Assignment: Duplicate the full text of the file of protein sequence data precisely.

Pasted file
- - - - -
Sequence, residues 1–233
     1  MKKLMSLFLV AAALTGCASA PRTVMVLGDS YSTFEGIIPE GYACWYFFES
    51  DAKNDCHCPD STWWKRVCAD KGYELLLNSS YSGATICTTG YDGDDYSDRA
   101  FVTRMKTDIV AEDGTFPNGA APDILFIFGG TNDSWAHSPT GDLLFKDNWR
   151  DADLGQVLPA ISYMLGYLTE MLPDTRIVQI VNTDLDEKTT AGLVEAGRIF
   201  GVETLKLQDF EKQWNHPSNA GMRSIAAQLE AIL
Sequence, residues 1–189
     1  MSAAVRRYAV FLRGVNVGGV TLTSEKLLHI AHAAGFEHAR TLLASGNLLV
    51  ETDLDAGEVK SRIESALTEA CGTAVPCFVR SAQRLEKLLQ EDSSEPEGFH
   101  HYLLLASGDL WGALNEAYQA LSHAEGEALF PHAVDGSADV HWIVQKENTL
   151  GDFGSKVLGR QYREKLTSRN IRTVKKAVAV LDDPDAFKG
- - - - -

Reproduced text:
Sequence, residues 1–233
     1  MKKLMSLFLV AAALTGCASA PRTVMVLGDS YSTFEGIIPE GYACWYFFES
    51  DAKNDCHCPD STWWKRVCAD KGYELLLNSS YSGATICTTG YDGDDYSDRA
   101  FVTRMKTDIV AEDGTFPNGA APDILFIFGG TNDSWAHSPT GDLLFKDNWR
   151  DADLGQVLPA ISYMLGYLTE MLPDTRIVQI VNTDLDEKTT AGLVEAGRIF
   201  GVETLKLQDF EKQWNHPSNA GMRSIAAQLE AIL
Sequence, residues 1–189
     1  MSAAVRRYAV FLRGVNVGGV TLTSEKLLHI AHAAGFEHAR TLLASGNLLV
    51  ETDLDAGEVK SRIESALTEA CGTAVPCFVR SAQRLEKLLQ EDSSEPEGFH
   101  HYLLLASGDL WGALNEAYQA LSHAEGEALF PHAVDGSADV HWIVQKENTL
   151  GDFGSKVLGR QYREKLTSRN IRTVKKAVAV LDDPDAFKG